Here’s our latest installment from Lynne Picard of about a beloved anchorage in the Gulf Islands.

Writing about destinations for a cruising guide means we drop the hook in a lot of anchorages, often returning to them many times over the course of several years.

We try to keep our information factual — based on bottom holding, protection from wind and seas, services and amenities ashore, the view… but sometimes it’s hard not to let our affection for one place or another creep into our narrative.

Portland Island is one of those places. Our Salish Sea Pilot guide to the Gulf Islands has stated in various editions that “if you have a stern line and are accustomed to tying off ashore, then you might never leave” the north shore of the Royal Cove anchorage.

And every time we have been there, whether stern tied or swinging on a hook, we have had an idyllic experience. There is some wake from the ferries passing by to and from Swartz Bay, but never enough to make us feel uncomfortable.

Early this June we headed for Princess Bay at the south end of Portland Island on a weekday afternoon, thinking we might have a good chance to anchor there. But, no, it was full, so we made our way to Royal Cove and managed to grab the last available and most exposed stern tie ring. We enjoyed two days of lovely weather, hiking around the island in both directions and at different states of tide, which we find always gives us an enjoyably different outlook.

The first days in Royal Cove were still, perfect reading weather.

A chilly but invigorating first swim of 2021 from the beach on the northwest shore completed our usual list of goals for our first few days of summer cruising — long walks, a pleasant and relaxed anchorage, a swim, and evenings in the cockpit sipping a single-malt with a good book.

My parents used to sail with friends aboard their small sailboat in the ’80s. A condition for going off for a few days with them was that guests had to sleep on shore in a tent as there just wasn’t room for more than two people to sleep on their boat. Portland was always their first stop after leaving Oak Bay, near Victoria.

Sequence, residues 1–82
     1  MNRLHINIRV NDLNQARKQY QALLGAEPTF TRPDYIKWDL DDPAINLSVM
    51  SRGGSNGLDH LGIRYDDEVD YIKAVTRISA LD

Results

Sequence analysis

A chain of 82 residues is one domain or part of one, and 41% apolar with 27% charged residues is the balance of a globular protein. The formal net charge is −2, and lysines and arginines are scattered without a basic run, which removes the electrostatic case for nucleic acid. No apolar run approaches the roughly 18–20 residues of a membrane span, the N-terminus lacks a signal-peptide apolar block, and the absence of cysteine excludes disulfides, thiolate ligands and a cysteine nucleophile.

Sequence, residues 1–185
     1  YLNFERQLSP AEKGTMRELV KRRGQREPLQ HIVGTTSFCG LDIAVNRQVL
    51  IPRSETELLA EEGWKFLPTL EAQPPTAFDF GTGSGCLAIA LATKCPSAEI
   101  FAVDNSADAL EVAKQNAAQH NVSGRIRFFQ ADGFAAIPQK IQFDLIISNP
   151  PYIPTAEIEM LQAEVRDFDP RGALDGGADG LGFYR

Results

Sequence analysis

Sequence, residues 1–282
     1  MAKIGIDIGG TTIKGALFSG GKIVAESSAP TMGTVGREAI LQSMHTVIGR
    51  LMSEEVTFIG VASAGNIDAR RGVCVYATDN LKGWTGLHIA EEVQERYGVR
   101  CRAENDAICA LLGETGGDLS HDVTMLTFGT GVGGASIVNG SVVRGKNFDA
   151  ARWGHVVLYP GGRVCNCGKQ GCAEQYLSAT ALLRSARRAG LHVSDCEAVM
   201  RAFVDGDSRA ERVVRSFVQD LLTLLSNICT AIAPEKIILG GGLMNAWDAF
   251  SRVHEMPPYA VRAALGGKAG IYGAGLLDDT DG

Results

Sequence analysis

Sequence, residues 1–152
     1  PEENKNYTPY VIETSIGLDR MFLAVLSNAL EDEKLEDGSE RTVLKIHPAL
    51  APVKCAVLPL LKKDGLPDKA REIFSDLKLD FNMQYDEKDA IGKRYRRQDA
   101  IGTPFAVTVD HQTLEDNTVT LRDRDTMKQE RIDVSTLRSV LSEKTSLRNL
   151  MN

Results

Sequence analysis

And it’s a lovely island, with varied types of shoreline along the 6.5km trail around it. There are large exposed flat rocks, high bluffs, shell middens and sandy beaches. Three camping areas are located on the island with beach access for paddlers at all three. An old orchard remains as evidence of the settlement established there in the 1880s by Kanaka (Hawaiian) immigrants. The shell middens are the most visible remains of a First Nations settlement there long before colonization.

The island was gifted to Princess Margaret in 1958 to commemorate her visit to British Columbia, and in 1967 it was gifted back as a provincial park. It is now part of the National Park Reserve.

Royal Cove is popular.

As the sun reached its zenith on the second afternoon, we noticed a slight shift in the wind. It turned a few degrees, from west to southwest, and began to blow through the narrow pass between the tip of Portland Island and Chads Island which had been our protection. As the wind picked up that evening, it became uncomfortable, more so as wind waves collided with the wake from ferries.

Being on the last and most exposed stern tie pin we felt the worst of it and it was a mostly sleepless night as our heavy sailboat was tossed about. At first light, we took off. So much for never leaving!

After releasing the stern tie and hauling anchor we settled in the cockpit with a coffee and our cruising guide to decide where to go next. Reading what we had written about Royal Cove and our hasty early morning departure, I made a note to edit the text and stick to the facts.

Portland Island is an idyllic cruising destination, but any anchorage can be quite a different experience from one visit to the next.

(Portland Island is covered by Salish Sea Pilot’s cruising guide to the Gulf Islands.)